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MIT student blogger Lulu L. '09

The fight’s begun but not yet won by Lulu L. '09

me vs. vista

You’d think that if anywhere offered great computing help, it would be MIT. It’s so obvious but up until today I’ve ignored this awesome resource right at my fingertips. You see, MIT offers free MATLAB to its students. And if you knew how expensive this software was you’d be relieved. The catch is you have to be connected to the MIT network, that’s where they keep the licences. Installing MATLAB on your personal computer, though, is no big deal. Lots of people have done it. Last summer, oddly enough, I had a big problem on my Dell where the installer crashed every time, always amidst great fanfare and in every creative, apocalyptic way. I had the grant, I had the licenses, but I just couldn’t get the software to stick. I brought it down to the NASA computing center about 3 days in a row and had a bunch of guys poke and prod at it. The verdict, when it finally came, was solemn. The outlook grim. Something was apparently wrong in my computer in a very big way. The guy recommended wiping everything and reformatting. Isn’t there another way? Afraid not.

I went back up to my cubicle very sad that day but, of course, I never did do what I was told. You see, because, data, can be backed up, but 3 years worth of rare and pirated software? Not easy to part with. A chainsaw couldn’t sever these ties that bind.

So in the end, life went on. I lived in constant fear. It was as if my computer had been diagnosed with some rare and serious heart ailment. And this meant, low cholesterol diet, regular, moderate exercise, and most importantly, no MATLAB.

A year goes by without incidence. For the summer I learned to use Octave. Then I finish a whole year of junior lab data analysis on Athena computers. Including 3 separate instances in which I was booted for violation of some security or sanity feature that prohibited more than 9 1/2 hours of straight access. And then it came time that I part ways with Tiny Dell. In his place is now a brand new 14 inch widescreen Thinkpad T Series. Built like a tank with the computing power of 100 Tiny Dells, maybe even 1000, all black and all business. A beautiful, invincible modern marvel of sorts.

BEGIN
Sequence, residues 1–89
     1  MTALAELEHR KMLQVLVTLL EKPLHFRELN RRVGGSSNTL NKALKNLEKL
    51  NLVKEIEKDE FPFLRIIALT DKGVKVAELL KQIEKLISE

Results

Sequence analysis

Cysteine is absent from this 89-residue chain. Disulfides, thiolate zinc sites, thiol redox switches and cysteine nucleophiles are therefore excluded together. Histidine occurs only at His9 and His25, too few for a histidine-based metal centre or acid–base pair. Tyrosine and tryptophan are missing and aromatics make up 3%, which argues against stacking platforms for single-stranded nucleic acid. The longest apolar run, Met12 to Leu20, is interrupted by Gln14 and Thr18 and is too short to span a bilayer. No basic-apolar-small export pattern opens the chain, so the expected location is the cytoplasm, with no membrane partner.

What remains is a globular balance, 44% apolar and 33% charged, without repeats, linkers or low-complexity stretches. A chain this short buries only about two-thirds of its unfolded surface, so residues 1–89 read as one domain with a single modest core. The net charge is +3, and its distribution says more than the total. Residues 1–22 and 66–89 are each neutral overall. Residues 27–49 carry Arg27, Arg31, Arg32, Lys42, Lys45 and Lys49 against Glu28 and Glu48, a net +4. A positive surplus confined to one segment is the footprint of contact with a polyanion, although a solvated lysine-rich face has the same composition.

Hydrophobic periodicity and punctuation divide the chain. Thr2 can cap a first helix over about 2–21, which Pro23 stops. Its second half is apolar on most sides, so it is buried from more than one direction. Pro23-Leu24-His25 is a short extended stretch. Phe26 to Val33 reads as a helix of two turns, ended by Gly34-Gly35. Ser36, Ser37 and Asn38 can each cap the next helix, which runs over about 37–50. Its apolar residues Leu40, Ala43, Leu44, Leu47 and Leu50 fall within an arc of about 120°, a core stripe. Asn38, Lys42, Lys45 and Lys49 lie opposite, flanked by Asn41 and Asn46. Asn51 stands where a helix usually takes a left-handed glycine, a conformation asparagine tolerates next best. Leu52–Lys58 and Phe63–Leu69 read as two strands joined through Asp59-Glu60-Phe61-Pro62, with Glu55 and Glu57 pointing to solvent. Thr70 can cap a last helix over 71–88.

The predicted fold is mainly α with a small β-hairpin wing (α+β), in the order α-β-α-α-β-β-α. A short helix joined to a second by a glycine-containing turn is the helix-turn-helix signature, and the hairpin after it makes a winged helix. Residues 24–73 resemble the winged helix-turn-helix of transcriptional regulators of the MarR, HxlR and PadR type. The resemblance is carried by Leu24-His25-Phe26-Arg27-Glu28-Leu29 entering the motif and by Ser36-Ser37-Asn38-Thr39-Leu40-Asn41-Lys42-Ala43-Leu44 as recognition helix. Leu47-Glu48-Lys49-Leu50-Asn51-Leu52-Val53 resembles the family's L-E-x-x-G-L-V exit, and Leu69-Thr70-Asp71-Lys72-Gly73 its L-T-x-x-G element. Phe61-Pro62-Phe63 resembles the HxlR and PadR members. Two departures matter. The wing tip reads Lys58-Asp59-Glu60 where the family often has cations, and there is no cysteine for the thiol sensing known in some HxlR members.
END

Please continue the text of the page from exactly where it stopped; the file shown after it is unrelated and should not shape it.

Of course I guess what they say about all good things and idolatry and so on and so forth, well, this morning I decided that, yes, it was time, and yes, I would give this MATLAB thing another shot. After all, new beginnings, right?

“Oh will you look at that, I don’t think I’ve ever seen THIS error before.”
Please please please, I was thinking, fix this. Fix this and I’ll do anything.

What was supposed to be a 20 minute grab-and-go kind of job before work turned into a 4 hour swirling abyss of uncertainty and despair when the the little blue bar marking the progress of the MATLAB self-extraction process snapped to completion and what popped up was not the MATLAB installer but a gentle little stylishly transparent dialog box with a not-so-friendly message. So that’s how I met Jacob. I had run the setup a dozen times under at least as many different conditions, all with the same result. I was sick with worry making breakfast at 4pm, working myself into a bit of a situation not only with this Vista business but also with the pancakes having accidentally followed the direction for making 14 pancakes instead of 4.

But it was a beautiful day and things work out for good people on beautiful days, maybe. So it did with me on this day, because someone recommended I give IS&T a call before they closed up for the day. Together we played with different installers and services settings and in a stroke of mad genius Jacob suggested searching for the unzipped MATLAB installer in my Temp folders. Well, I found 15 of them, one for each time I’d tried installing the software, and lo and behold they worked with a simple click. And the problem? Who knows what it was, probably some kind of linking issue or other.

What now? And what’s next? Well, I’m back to where I started the day, sitting on my bed next to the window with the sun coming in, idolizing my new computer.

I guess at the end of the day what to take away from this is just the usual lesson about using your resources, that and the sweet skills of my man Jacob working his magic on my laptop problem here and really just putting the smack down on Error 0: Running Command MATLAB~1.EXE and making the world a better place for our children.

17 responses to “The fight’s begun but not yet won”

  1. Snively says:

    The real irony will come when you never have to use MatLab next year. Enjoy your new computer, install all sorts of neat goodies!

  2. Noelle says:

    The heart ailment analogy was perfect. I felt that way in the months leading up to ultimately sending my laptop off to emergency surgery (HP Repair Center) for 2 weeks due to a power issue. Enjoy your ThinkPad!

  3. lulu says:

    Well I had hardly any programs (from MIT) other than Latex on my old computer. But on this guy I’ll probably add Mathematica and MATLAB. All the rest is frills raspberry